Gosh I remember those Suntour shifters - I had them on my Dawes Ranger - tighten or loosen using the wire handle to increase or decrease the friction in the system....


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PostPosted: Tue Nov 13, 2018 4:59 pm 
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Joined: Sun Apr 01, 2012 11:55 pm
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Location: The mountains of Northants
Just got back home, so dug the S&G out for a photo.
Attachment:
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PostPosted: Fri Nov 23, 2018 12:42 am 
retrobike rider
retrobike rider
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Joined: Tue Sep 30, 2008 6:25 pm
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Location: Near Wendover Bucks
The man who introduced US style mountain biking into the UK was a London Evening Standard journalist called Richard Grant. He is probably best known for his collaboration with cycling journalist Richard Ballantine that created Richards' Bicycle books.

In 1977 Richard Grant was visiting California looking for good stories for the Evening Standard when he heard about Gary Fisher and Charlie Kelly. He sought them out; went riding with them and thought that 'this was the most fun you could have on a bicycle'. He then bought a Klunker off Fisher and brought it back to Britain with the intention of spreading the word about these bikes to the British.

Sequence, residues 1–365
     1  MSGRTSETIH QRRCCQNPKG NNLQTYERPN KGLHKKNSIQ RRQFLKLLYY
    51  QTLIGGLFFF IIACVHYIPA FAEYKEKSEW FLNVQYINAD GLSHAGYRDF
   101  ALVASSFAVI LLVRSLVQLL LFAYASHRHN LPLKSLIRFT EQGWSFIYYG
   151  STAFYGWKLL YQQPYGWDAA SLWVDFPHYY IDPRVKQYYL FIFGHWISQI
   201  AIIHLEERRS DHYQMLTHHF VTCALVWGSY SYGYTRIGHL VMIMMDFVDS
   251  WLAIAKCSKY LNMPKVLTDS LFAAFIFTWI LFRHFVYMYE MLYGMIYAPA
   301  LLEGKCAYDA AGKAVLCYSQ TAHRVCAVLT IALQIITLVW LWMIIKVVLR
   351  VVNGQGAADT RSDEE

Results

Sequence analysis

He showed the bike to others and exhibited it at the 1978 Olympia cycle show where it was apparently ignored by he other exhibitors. Undeterred, he kept in touch with Fisher and Kelly and imported more early 'Ritchey' bikes that he and others promoted at cycling shows and in the cycling press.

In 1984 he became the founding editor of 'Bicycle Action' the first UK magazine to focus on mountain biking and instigated the 'Fat Tyre Five' the first series of UK mountain bike events that included the 'Wendover Bash'.

Generally speaking the UK cycle industry's reaction to the mountain bike was unenthusiastic sceptical and cautious. There were three main reasons for this:
(1) At the time a good British road bike cost less than £100 and £300+ looked like more than the British public would be prepared to pay.

(2) There were already three off-road cycling traditions in Britain. Cyclo-cross and rough-stuff riding were considered to be niche. Whilst the teenage 'Tracker' bike tradition, though popular, had a make your bike from an old bike ethos and previous attempts to sell bikes into this market had been largely unsuccessful. The exceptions being BMX and 1981 Raleigh Bomber but not at in excess of £300 for a bike. viewtopic.php?f=1&t=334891

(3) The BMX bubble had recently burst, leaving dealers with difficult to sell stock and so cautious about taking risks at a time of economic recession.